- inflation risk: Again there are two types of inflation risk. Inflation can reduce the value of investments while people are saving, but the real inflation issue is whether pensions in payment keep up with the cost of living. This risk is shared between employer and individual in most DB schemes: payments are indexed up to a point bu if inflation is higher the individual loses out. In DC schemes people can choose how to handle the inflation risk by buying an annuity that either provides a lower initial income but which will be linked in some way to inflation in the future or a higher but fixed income that will not be linked to inflation.
There are many ways of arranging, sharing, managing and insuring these risks other than the ways that they are done in traditional DB and traditional DC schemes in the UK. And today’s DWP paper is a comprehensive exploration of possible alternatives.
Steve Webb, the pensions minister, deserves praise for encouraging this debate, and it is fair to say that as it has proceeded there has been a real journey with ideas that initially looked attractive fading away, while others have come up the outside.
But there is also a problem with it that flows from the two initial spurs to the debate:
- There has been a long campaign by pensions professionals to deregulate DB pensions. Their argument is that if you can reduce the risks and volatility that employers have to bear they will keep schemes open. They also argue that there are employers who would be prepared to accept some risk in new schemes if the law made this easier – though less than that in a full DB scheme. This part of the debate is often know as DB minus.
- There has been a separate debate about the future of DC schemes. Many think that the risk that investments will shrink (as they can do sharply during a stock market crash) will deter new savers, and have been interested in whether savers can be guaranteed they get their savings back. Steve Webb has certainly been known to speak favourably of this approach. There are also other ideas about reforming and collectivising DC and these policies are often called DC plus.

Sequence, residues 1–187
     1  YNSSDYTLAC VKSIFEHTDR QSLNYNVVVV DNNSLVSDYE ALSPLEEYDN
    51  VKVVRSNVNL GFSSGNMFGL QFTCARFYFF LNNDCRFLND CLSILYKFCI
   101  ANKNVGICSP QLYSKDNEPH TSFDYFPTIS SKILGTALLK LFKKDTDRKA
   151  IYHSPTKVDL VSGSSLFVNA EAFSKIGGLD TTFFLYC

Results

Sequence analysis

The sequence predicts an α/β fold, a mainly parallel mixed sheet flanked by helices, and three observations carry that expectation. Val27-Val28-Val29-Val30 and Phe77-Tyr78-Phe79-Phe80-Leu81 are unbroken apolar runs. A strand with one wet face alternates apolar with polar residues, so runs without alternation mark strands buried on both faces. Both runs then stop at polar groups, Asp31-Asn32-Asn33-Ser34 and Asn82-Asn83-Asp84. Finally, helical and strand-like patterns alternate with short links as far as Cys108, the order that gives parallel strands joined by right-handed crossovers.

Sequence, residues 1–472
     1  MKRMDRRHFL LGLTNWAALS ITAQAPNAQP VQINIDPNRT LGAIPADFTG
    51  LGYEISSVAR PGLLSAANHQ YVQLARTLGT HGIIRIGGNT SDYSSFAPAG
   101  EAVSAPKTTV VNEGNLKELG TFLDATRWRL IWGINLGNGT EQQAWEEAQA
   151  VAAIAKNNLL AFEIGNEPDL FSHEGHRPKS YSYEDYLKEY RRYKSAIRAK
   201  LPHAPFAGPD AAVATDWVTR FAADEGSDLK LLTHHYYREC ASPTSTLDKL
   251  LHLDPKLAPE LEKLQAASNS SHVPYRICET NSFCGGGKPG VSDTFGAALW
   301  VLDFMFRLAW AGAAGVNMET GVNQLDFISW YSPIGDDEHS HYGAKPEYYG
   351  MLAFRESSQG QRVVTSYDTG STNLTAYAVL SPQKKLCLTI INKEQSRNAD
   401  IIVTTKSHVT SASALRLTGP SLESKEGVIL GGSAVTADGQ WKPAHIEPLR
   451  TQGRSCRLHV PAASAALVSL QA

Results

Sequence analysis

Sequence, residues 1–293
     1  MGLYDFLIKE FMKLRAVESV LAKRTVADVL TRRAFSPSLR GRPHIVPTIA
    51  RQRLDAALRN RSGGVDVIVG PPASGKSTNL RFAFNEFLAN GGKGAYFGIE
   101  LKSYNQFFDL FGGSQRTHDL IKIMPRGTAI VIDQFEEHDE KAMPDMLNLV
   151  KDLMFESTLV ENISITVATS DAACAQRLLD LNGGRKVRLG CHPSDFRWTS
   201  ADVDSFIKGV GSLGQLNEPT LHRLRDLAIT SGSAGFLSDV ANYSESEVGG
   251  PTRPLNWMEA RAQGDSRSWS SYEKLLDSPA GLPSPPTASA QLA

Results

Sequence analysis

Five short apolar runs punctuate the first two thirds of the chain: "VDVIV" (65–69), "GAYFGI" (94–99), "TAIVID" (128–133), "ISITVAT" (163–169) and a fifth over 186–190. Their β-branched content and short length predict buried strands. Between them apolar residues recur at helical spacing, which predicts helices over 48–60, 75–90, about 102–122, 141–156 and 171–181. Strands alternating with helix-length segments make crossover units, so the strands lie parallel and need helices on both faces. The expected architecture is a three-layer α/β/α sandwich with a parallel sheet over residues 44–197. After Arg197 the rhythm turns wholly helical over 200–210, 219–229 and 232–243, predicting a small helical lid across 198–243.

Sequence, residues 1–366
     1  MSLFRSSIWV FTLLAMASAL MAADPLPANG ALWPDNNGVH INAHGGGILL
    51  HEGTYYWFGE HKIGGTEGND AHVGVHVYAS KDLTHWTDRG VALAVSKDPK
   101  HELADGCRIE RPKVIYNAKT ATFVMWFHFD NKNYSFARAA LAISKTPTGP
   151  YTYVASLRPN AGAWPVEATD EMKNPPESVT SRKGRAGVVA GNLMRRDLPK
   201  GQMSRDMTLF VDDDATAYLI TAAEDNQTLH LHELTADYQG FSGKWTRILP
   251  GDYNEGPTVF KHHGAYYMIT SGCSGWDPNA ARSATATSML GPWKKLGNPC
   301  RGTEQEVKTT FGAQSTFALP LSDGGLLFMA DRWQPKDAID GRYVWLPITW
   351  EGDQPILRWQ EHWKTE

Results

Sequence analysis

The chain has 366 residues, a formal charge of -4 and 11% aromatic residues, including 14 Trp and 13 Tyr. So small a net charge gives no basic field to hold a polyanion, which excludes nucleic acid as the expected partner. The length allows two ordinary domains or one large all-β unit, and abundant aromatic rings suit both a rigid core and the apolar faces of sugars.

Putting these debates into the same process and consultation paper can be seen as either a comprehensive assessment of pension models or an unhelpful confusion of two different issues. The choice is yours.
In Third Time Lucky we say that we are extremely sceptical that DB minus will achieve anything other than poorer pension outcomes for savers. Unfortunately most employers have already closed DB schemes to new entrants or shut them to all contributions. Those that through their own commitment or because of strong union organisation want to keep DB already have plenty of ways of controlling cost and unions have normally been prepared to negotiate changes. In particular we oppose the abolition of the need to index pensions in payment. This simply means that pensions fall in value every year, as DC savers who have bought fixed rate annuities discover rather quickly.
We are also rather sceptical that there are many employers who want to take on risk and we worry that the hybrid schemes that result are often hard to understand. That is not to say that they are a bad idea or should not be explored, but it may be better for employers who want to do the right thing or unions wanting to negotiate a better deal to simply secure a higher contribution from the employer.